In verse 5 we see that while Zacchaeus may have been searching, it was really Jesus who was seeking him: “When Jesus reached the spot, he looked up and said to him, ‘Zacchaeus, come down immediately.  I must stay at your house today.”

Jesus took note of Zacchaeus, although we are not told why.  He stopped, looked up, called him by name, and told him that He must come to His house.  Again we see that while Jesus has set his face toward the Cross, he stops and ministers to a searching sinner.  He knew right where Zack was because He knew all about him – and He was filled with compassion toward him.

This is how it always happens.  Jesus makes the first move by coming to the dead sinner and offering life through Himself.   We would never be able to come to Jesus unless He came to us first.

He then gives Zack a two-fold command: “Come down immediately.” Get out of the tree, Zack.  Right now.  There’s always a sense of urgency about following Christ.  2 Corinthians 6:2 says, “…Now is the time of God’s favor, now is the day of salvation.”  Can you imagine what must have been going through the minds of those who were walking with Jesus that day?  How did Jesus know his name?  Why did Jesus stop under that particular tree?  Why did Jesus want this sinner to come down right away?

And then Jesus gives the second part of the command: “I must stay at your house today.”  Why did Jesus express the necessity of going to the house of Zacchaeus?  Why the “must”?  The Pharisees and religious leaders would say that because Zack was a chief tax collector he was a “sinner.”  Such a person should never be invited to your home. One should certainly not enter their home as a guest, and you were especially forbidden to eat their food.  Notice here that Jesus invited Himself to dinner!  This is the only instance in the 4 Gospels where we read of Jesus inviting Himself to someone’s home for a meal.  Jesus must stay at his house because it pictures what His ministry is all about.  He came to save sinners from their sins.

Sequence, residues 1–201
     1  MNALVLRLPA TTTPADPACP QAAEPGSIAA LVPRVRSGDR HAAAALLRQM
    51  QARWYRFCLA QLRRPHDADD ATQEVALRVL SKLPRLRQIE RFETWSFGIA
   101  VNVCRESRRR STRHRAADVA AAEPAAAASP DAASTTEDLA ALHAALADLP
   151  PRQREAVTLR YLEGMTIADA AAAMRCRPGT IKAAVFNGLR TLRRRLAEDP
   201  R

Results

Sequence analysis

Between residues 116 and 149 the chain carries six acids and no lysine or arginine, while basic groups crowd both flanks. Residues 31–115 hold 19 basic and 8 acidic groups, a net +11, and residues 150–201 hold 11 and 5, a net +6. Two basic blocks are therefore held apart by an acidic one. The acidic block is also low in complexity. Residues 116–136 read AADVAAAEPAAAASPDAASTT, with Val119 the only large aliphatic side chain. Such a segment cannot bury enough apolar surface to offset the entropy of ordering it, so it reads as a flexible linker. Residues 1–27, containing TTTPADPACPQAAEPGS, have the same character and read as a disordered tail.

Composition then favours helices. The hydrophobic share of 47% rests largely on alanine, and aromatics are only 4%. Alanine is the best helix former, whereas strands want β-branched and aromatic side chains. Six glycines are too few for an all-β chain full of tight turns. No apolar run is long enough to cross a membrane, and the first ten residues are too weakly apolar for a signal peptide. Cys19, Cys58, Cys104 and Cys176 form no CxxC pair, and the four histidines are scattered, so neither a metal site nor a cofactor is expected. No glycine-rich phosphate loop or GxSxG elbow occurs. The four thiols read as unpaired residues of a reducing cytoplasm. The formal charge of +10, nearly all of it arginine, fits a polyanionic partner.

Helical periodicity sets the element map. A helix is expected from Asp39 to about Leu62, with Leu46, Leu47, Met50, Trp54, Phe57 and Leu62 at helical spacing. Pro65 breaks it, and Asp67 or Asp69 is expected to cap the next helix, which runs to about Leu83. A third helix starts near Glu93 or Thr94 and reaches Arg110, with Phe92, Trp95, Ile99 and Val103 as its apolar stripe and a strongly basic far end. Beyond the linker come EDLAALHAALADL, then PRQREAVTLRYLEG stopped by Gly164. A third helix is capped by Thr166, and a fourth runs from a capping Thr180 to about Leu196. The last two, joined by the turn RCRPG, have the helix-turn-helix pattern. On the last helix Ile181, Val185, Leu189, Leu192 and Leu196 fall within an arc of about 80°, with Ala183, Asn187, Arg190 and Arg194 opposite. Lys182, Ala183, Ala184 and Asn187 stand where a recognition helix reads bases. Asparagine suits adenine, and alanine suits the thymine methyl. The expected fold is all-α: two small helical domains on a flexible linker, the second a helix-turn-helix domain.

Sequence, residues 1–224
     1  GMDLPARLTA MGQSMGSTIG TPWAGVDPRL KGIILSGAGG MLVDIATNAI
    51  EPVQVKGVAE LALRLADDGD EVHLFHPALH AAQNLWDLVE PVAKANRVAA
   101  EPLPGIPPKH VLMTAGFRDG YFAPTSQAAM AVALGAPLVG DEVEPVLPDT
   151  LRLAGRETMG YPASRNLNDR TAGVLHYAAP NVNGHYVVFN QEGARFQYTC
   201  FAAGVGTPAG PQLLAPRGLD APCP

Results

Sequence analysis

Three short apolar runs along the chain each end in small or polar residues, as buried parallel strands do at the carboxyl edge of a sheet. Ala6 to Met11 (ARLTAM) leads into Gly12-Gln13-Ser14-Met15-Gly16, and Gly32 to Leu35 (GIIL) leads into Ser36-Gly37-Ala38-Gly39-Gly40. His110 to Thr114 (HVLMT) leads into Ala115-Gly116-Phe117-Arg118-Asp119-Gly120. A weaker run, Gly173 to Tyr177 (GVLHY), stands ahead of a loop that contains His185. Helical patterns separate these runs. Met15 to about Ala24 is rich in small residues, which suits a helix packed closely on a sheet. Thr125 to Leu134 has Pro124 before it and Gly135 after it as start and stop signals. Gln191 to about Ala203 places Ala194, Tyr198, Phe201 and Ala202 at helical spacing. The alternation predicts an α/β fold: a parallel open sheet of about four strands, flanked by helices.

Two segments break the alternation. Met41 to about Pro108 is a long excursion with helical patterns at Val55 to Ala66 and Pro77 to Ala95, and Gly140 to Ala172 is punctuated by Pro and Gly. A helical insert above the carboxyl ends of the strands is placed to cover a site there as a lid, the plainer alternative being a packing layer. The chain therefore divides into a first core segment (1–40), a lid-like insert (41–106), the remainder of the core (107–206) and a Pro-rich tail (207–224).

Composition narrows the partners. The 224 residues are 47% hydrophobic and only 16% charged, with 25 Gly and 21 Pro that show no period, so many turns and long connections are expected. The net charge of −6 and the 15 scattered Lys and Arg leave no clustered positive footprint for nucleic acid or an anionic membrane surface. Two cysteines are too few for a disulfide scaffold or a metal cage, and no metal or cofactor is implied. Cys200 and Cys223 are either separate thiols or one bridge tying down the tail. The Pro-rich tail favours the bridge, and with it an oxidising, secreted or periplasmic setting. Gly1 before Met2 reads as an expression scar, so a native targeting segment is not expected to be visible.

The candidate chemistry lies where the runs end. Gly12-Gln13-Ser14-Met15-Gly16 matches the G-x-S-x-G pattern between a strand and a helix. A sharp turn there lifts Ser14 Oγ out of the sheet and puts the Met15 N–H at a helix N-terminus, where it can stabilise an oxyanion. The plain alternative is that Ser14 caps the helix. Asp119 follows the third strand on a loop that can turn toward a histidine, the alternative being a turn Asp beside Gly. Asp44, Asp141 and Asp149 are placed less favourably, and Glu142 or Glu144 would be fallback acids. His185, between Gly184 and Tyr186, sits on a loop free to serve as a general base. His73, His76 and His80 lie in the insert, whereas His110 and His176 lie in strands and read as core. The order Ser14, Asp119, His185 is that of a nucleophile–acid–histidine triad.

The Spectacular Salvation

Zacchaeus didn’t waste any time getting out of the tree.  Verse 6 tells us, “So he came down at once and welcomed him gladly.”  Jesus said, “jump” and Zack jumped.  He came down right away and welcomed Jesus joyfully and with great excitement.  He got way more than he asked for – he just wanted to get a closer look at the Savior but now He was coming over for dinner!  He was overwhelmed with joy!  The word “gladly” carries with it the idea of “jubilant exultation.”

This is similar to the response of Bart in Luke 18:43 when it says that he praised God.  Next week we’ll see that the disciples break out into joyful praise when Jesus enters Jerusalem (Luke 19:37).  Joy is one of the key themes found in Luke’s gospel, being mentioned over 20 times in one form or another.  I wonder what it will take for us to become more filled with glad and joyful praise?  With all that God has done for us, we should be exuberant with joy!  Yet too often our faces are fallen, our hearts are heavy, and our minds are muddled with cares and concerns.  Friends, let’s learn from this example – when people encountered Jesus, they broke out into joyful praise!  That should be reflected in our daily lives and when we gather together for corporate worship.

Now, in contrast to Zack’s joy, we see in verse 7 that the entire crowd began to mutter.  If the crowd was confused about why Jesus was even talking to Zack, they now go ballistic when they figure out that Jesus has invited himself to dinner at Zack’s place.  Notice that it wasn’t just some of the crowd.  The text says that it was all the people.  It may have even included the disciples.  The word itself means a low grumble, and indicates that they were complaining and finding fault with what Jesus was going to do.  This root word is also used to describe what the Israelites did in the desert when they complained and grumbled to the Lord.